Friday, January 26, 2018

Book Review 2017 #2 - Jane Austen's Sense & Sensibility

Sense and Sensibility by Jane Austen
Published by: Max Press
Publication Date: 1811
Format: Hardcover, 368 Pages
Rating: ★★★★★
To Buy (different edition than one reviewed)

Elinor is pragmatic about the death of their father. They have lost their home and they will find a new one and carry on. Her younger sister Marianne has opted for another approach, misery exponentially increased by any dear memory of her father and the beloved house they all shared. Their mother is perfectly happy wallowing with Marianne while watching her step-son and his odious wife Fanny destroy Norland Park, that is until that odious Fanny insinuates that Elinor isn't good enough for her brother Edward and Mrs. Dashwood can not remove them fast enough from Norland Park. Thanks to kind relations they are able to leave the odious behind and settle at Barton Cottage, part of Barton Park were Mrs. Dashwood's cousin Sir John Middleton resides. There they have a new social circle of relatives and friends and Marianne is drawn to one in particular, Willoughby. Willoughy is the same in all her sensibilities and they are soon as thick as thieves and their engagement is expected to be announced daily, much to Colonel Brandon's dismay. Yet the announcement never comes and Willoughby takes off to London and they hear no more from him. So when Sir John's mother-in-law, Mrs. Jennings, invites the two girls to accompany her to London Marianne jumps at the chance. But London will be a proving ground for the young girls hearts. Will either of them find a happily ever after or are their hearts destined to be forever broken by their first loves?

It seems odd to me that in a high school that actually had a good English department where I read many classics I never read any Jane Austen. By the friends I made through various bizarre and arcane clubs I was introduced to her via the Colin Firth miniseries in February of my senior year. This was on my level, being more into films than books at the tender age of seventeen, it was the perfect bridge from one art form to another. At that time I was adamant that I wasn't going to college in the fall, and I in fact didn't, but that doesn't mean I was averse to learning and reading and I took it upon myself that summer to acquaint myself with the classics, many of which had been made into films starring Emma Thompson. She was a powerful bridge to Austen and also to Forster, though the most powerful of all was anything to do with Monty Python. The summer of 1996 was spent on my side porch reading classics I never thought I would ever pick up. Though it was to Austen I felt the most visceral a connection. Sense and Sensibility was the first book of hers that I read and I remember towards the end reading it in my bedroom because of the copious sobbing that accompanied my reading. When Edward arrived at Barton cottage to declare his freedom and his desire to marry Elinor, I just sat in my window sobbing. I never knew a book could do this to me. I was forever converted to Austen and through her I found the love of classics that my family always wished for me.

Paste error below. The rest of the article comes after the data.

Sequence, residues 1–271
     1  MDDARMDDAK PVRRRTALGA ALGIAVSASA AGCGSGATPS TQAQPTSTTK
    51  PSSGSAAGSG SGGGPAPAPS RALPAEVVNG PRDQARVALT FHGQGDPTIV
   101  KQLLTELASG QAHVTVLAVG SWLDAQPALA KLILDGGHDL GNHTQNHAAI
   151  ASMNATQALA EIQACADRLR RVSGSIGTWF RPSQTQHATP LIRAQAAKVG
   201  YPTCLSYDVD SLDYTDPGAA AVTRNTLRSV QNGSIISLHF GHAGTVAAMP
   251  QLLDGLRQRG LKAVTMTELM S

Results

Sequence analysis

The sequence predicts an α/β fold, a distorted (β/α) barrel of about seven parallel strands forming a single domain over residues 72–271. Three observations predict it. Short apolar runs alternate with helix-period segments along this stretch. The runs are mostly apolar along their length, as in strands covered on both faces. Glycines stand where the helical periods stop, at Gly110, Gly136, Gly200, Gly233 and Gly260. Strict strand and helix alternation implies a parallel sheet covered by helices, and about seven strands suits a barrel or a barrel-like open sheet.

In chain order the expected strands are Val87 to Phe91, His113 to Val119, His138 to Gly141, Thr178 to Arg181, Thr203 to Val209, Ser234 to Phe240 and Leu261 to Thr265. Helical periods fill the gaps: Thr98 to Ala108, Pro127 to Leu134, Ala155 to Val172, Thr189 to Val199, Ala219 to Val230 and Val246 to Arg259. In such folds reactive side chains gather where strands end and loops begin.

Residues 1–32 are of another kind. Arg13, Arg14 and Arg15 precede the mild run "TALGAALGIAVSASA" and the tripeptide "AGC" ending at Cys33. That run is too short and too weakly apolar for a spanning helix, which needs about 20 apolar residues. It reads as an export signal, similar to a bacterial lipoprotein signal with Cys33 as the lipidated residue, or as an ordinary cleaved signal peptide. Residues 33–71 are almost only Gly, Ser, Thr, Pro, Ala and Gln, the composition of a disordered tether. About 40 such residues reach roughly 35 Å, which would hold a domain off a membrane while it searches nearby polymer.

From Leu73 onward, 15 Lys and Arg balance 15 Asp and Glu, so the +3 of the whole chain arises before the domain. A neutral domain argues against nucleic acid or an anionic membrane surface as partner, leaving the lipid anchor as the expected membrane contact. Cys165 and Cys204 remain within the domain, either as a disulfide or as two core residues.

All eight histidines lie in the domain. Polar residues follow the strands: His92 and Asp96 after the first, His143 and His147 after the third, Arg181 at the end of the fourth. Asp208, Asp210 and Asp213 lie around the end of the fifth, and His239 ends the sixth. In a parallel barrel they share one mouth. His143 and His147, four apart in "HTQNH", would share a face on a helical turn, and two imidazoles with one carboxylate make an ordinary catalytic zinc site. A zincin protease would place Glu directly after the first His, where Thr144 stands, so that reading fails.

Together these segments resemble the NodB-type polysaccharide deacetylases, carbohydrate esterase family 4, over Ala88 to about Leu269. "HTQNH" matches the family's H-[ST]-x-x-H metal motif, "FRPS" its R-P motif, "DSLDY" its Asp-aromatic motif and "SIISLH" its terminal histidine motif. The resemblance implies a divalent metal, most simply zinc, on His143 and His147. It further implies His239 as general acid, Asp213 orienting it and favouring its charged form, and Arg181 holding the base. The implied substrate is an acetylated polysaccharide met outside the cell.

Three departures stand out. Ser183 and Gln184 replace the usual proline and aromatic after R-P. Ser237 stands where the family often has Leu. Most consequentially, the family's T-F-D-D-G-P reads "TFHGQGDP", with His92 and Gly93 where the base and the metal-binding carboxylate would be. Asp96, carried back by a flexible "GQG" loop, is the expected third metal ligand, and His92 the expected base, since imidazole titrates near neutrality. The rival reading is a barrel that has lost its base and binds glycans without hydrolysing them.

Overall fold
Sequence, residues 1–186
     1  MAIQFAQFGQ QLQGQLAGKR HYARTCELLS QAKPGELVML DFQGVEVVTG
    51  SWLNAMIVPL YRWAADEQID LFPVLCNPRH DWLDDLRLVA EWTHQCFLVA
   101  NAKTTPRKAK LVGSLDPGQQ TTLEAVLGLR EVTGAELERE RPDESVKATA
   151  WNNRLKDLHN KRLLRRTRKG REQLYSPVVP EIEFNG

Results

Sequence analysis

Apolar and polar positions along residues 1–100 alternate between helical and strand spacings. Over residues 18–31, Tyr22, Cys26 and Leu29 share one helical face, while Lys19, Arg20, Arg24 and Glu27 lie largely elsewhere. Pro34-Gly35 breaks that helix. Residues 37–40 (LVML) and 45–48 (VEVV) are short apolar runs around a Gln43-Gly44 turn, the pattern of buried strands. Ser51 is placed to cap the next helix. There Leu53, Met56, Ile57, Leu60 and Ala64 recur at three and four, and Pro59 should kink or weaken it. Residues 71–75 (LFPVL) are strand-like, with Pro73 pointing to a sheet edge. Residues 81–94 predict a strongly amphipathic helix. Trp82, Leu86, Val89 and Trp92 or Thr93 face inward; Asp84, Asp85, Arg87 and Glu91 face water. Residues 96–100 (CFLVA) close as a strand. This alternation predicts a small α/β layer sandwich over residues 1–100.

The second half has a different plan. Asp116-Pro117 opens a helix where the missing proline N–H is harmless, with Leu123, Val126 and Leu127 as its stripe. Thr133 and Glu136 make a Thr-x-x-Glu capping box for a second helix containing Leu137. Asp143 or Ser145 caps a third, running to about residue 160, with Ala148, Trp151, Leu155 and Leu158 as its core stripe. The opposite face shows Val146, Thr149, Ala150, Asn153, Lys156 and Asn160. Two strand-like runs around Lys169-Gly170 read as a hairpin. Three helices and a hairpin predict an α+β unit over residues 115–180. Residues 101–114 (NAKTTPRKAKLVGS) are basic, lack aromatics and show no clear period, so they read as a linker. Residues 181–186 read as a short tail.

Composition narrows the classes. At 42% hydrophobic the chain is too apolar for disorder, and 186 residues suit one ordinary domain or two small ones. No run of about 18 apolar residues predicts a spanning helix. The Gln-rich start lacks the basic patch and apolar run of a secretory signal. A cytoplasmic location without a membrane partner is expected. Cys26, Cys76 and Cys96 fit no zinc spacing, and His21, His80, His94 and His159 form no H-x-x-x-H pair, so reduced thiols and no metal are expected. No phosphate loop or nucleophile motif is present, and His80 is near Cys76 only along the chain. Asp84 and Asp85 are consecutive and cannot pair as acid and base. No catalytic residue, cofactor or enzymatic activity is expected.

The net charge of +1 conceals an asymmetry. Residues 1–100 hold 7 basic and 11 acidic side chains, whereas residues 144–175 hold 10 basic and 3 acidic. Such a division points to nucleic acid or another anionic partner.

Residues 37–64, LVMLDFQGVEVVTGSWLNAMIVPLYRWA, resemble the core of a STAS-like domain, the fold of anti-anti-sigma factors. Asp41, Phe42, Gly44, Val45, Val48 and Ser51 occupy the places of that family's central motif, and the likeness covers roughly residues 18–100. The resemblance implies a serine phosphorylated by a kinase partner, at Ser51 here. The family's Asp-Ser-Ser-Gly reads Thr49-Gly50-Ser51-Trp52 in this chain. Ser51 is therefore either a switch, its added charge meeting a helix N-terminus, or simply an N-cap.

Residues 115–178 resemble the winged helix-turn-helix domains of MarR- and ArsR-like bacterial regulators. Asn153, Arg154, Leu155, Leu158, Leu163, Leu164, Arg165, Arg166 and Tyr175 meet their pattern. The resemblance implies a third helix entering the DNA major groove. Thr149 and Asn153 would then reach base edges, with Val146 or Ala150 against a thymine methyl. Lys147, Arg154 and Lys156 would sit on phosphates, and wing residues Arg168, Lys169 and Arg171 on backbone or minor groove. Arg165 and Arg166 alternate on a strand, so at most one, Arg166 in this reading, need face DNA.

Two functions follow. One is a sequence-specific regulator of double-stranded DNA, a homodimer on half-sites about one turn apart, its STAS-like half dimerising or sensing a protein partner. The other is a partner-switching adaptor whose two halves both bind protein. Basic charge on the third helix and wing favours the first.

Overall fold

Do to what is happening in my life at the moment I've been feeling old. Which might account for why I noticed the characters ages so much on this reading of Sense and Sensibility. When I first read this book I was the same age as Marianne is for most of the story so I could feel a kinship with her and totally identify to being that age, even if I like to think of myself more as Elinor. As I've grown older I've still felt that kinship, that connection, but never internalized the ages of the characters as a did on that first reading. Marianne and Elinor are young, Colonel Brandon and Mrs. Dashwood are old. Or so I've always thought. For the first time ever I noticed their ages. The flannel waistcoat wearing Colonel is 35 and Mrs. Dashwood is about 40. Which gave me an "oh dear" moment. I am OLDER than Colonel Brandon who was thought too old for love and closing in fast on Mrs. Dashwood. Yes, I could say that obviously people married younger in Regency times because the life expectancy was shorter, but I literally have friends I went to high school with with kids in college. If my life had taken an entirely different and unexpected route I am old enough to have an Elinor and Marianne and Margaret of my own! So needless to say I felt myself on this realization seeing things more from the "elderly" point of view. Oh, Colonel Brandon, you are a youngin...